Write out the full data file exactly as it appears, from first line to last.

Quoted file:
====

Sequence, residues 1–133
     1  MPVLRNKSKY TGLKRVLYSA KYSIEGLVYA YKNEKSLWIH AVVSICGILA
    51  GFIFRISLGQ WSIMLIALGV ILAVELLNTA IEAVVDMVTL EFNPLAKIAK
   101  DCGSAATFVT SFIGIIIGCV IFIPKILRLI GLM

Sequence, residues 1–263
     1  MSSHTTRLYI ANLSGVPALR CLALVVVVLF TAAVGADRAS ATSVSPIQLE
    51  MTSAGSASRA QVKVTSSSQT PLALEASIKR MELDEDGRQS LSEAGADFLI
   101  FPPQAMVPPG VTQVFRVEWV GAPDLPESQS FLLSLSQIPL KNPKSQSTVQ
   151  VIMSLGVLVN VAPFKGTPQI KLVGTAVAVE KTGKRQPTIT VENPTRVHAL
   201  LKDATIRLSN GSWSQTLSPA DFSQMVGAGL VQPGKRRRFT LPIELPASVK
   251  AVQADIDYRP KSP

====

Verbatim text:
Sequence, residues 1–133
     1  MPVLRNKSKY TGLKRVLYSA KYSIEGLVYA YKNEKSLWIH AVVSICGILA
    51  GFIFRISLGQ WSIMLIALGV ILAVELLNTA IEAVVDMVTL EFNPLAKIAK
   101  DCGSAATFVT SFIGIIIGCV IFIPKILRLI GLM

Sequence, residues 1–263
     1  MSSHTTRLYI ANLSGVPALR CLALVVVVLF TAAVGADRAS ATSVSPIQLE
    51  MTSAGSASRA QVKVTSSSQT PLALEASIKR MELDEDGRQS LSEAGADFLI
   101  FPPQAMVPPG VTQVFRVEWV GAPDLPESQS FLLSLSQIPL KNPKSQSTVQ
   151  VIMSLGVLVN VAPFKGTPQI KLVGTAVAVE KTGKRQPTIT VENPTRVHAL
   201  LKDATIRLSN GSWSQTLSPA DFSQMVGAGL VQPGKRRRFT LPIELPASVK
   251  AVQADIDYRP KSP